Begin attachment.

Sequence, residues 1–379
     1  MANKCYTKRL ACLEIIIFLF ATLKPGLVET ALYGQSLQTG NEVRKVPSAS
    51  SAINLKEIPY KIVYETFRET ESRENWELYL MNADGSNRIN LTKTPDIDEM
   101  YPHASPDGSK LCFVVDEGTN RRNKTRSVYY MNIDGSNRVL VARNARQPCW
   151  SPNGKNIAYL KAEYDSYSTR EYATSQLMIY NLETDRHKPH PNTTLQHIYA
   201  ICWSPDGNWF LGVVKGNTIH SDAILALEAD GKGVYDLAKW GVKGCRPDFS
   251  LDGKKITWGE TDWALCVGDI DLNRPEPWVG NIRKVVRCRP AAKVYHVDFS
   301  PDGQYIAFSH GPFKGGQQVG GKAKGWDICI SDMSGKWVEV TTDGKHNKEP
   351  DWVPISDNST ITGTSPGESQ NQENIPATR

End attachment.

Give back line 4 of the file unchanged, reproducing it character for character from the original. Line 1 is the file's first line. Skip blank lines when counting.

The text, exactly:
   101  YPHASPDGSK LCFVVDEGTN RRNKTRSVYY MNIDGSNRVL VARNARQPCW